Currently, the Supervisory Board comprises five members – these members are all external and independent of the firm’s management. All Supervisory Board members are appointed by the firm’s shareholder (Coöperatie KPMG U.A.).

Supervisory Board members are elected for terms of up to four years, and may serve no more than two terms. Board of Management members are appointed by our Supervisory Board, following approval by the firm’s shareholders – members may serve up to a maximum of eight consecutive years. Our Supervisory Board members are also considered co-policymakers under the Audit Firms Supervision Act.

We aim for diversity among members of both our Board of Management and Supervisory Board; this diversity, we believe, makes for better long-term decision-making. Diversity is built into the rules of procedure for both the Board of Management and Supervisory Board. Under the rules, our aim is to have a minimum 30% women – or, if applicable, 30% men – on each Board. 

For more information, see our Supervisory Board Report. Our Supervisory Board and Board of Management Rules may also be found online on the KPMG website.

Code of Conduct and other internal controls

Our formal system of governance is supported by a Code of Conduct; this Code applies to all KPMG member firms. All employees are required to abide by its provisions. As well as the firm’s values, the Code sets out the firm’s commitments in areas ranging from compliance with laws, regulations and standards, to maintaining quality, fair competition and independence. The Code also details employees’ responsibilities – the conduct we expect of the people working for us. In addition to the Code, we have processes that allow personnel to report suspected violations without fear of retaliation; these include a dedicated whistle-blower ‘hotline’, open to third parties as well as KPMG employees.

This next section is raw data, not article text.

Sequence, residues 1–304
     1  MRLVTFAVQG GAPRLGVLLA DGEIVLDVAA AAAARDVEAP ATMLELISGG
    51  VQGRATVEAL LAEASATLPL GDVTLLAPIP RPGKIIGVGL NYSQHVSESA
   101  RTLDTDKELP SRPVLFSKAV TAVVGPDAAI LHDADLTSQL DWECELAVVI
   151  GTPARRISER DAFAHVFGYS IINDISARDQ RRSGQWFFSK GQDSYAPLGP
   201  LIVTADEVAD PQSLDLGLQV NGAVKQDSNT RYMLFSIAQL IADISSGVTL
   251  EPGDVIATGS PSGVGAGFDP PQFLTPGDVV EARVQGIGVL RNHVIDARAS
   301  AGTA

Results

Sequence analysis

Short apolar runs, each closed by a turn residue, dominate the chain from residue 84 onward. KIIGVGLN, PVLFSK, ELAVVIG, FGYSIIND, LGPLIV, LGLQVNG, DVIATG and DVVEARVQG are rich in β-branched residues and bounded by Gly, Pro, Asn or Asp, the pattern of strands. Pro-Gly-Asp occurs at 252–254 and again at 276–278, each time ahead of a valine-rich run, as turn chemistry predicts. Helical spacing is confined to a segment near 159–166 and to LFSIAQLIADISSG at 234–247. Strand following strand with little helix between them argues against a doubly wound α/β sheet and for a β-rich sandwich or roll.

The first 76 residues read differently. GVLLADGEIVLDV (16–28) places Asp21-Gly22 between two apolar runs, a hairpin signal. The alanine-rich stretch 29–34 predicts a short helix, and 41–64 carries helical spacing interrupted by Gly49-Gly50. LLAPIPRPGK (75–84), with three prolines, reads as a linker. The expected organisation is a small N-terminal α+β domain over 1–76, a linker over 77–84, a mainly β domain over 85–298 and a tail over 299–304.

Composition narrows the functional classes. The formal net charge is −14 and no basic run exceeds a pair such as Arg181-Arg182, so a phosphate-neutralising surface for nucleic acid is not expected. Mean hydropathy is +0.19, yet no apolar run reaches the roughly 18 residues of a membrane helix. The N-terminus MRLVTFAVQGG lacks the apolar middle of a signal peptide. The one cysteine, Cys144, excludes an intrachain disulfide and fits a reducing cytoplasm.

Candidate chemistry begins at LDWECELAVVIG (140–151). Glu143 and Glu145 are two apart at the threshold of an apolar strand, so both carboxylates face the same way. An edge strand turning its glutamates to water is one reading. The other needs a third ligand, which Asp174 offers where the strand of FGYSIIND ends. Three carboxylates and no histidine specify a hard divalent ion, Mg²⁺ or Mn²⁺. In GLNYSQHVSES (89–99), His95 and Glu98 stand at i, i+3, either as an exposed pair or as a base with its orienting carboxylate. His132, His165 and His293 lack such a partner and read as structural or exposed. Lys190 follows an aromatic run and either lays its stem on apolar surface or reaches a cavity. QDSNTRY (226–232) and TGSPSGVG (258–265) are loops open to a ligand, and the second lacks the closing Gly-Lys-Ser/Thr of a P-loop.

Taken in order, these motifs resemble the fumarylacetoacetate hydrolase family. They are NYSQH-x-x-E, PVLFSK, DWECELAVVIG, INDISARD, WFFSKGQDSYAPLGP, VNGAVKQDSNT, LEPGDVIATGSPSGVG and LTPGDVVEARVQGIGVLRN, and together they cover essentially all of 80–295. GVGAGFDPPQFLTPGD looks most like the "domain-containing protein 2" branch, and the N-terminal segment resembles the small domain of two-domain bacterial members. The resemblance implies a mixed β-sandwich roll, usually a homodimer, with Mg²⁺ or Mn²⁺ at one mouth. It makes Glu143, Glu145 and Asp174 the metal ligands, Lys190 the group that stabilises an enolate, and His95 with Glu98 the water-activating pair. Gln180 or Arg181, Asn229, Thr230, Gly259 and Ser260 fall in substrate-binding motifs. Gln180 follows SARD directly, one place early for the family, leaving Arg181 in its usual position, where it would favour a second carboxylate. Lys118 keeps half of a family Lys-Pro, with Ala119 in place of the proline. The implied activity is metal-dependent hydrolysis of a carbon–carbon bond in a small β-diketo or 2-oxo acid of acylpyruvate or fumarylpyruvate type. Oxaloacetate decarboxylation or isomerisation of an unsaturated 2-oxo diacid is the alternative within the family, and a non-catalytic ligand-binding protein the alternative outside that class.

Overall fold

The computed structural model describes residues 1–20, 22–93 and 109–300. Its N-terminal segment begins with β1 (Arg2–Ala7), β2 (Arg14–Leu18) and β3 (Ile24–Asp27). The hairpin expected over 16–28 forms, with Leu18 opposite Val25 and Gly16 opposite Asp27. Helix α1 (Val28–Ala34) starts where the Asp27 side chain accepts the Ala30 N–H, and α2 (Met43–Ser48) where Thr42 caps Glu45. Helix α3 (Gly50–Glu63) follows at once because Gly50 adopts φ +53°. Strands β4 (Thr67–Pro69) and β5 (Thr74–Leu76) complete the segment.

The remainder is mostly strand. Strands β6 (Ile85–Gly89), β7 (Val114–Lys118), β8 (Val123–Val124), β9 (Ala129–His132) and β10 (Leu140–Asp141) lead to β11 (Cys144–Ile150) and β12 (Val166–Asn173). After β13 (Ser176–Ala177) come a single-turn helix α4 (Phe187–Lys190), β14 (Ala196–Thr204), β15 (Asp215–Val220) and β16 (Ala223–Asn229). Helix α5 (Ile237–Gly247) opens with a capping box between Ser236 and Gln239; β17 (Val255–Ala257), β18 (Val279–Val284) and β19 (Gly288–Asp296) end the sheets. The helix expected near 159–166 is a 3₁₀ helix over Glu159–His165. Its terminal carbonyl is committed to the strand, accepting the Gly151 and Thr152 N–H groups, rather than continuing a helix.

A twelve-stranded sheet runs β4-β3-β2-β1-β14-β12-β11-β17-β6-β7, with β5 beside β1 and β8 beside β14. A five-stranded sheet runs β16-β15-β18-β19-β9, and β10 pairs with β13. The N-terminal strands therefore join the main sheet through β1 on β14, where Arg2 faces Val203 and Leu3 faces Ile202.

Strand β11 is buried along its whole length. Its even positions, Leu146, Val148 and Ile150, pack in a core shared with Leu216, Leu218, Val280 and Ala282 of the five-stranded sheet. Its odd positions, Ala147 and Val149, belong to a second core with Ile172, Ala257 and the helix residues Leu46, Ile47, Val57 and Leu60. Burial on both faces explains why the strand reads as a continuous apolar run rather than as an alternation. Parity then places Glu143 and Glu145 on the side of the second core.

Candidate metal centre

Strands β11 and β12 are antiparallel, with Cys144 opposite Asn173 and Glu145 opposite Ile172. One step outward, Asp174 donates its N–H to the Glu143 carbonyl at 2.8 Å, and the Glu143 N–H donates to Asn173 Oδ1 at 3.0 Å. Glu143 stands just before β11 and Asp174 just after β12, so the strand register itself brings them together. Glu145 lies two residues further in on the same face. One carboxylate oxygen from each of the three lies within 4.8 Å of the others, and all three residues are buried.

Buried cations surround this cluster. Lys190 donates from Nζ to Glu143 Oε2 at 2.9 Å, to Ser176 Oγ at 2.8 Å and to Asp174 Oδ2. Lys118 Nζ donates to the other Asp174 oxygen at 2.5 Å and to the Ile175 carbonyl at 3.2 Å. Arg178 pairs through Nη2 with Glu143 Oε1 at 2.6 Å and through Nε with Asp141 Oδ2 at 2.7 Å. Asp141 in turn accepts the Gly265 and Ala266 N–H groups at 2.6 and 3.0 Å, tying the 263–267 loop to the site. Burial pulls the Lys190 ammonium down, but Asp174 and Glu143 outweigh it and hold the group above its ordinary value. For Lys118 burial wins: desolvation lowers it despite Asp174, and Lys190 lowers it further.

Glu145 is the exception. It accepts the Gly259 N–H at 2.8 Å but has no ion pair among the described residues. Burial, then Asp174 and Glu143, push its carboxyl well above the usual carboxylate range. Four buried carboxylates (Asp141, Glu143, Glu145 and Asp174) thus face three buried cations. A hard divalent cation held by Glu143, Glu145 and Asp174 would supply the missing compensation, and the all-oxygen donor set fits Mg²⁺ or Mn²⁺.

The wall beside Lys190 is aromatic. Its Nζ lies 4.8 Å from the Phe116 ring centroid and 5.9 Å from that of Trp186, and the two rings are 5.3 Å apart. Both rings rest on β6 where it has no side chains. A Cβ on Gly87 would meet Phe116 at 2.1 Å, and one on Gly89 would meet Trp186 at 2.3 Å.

Aside from the Code, we have extensive internal policies and controls; these cover areas such as quality, risk management, remuneration, document retention, data privacy, and a disciplinary policy that addresses potential breaches of rules, regulations or standards. IT security is overseen by a National IT Security Officer, who works closely with our IT services and the firm’s Quality & Risk Management Group (QRMG). We also have a Supplier Code of Conduct – we ask all suppliers to acknowledge and comply with standards set out in the UN Global Compact. We make sure our partners and employees are up-to-date with all our internal controls – this is done largely through mandatory training. In 2020/2021, 84% of our Board members, partners and employees, for example, completed training on the firm’s anti-corruption policies and procedures.

To guarantee client confidentiality, we have an annual affidavit / confirmation process that all KPMG professionals are required to complete. There are also established protocols governing technical consultations with our Department of Professional Practice (DPP); these include specific procedures to resolve any differences of opinion between KPMG professionals.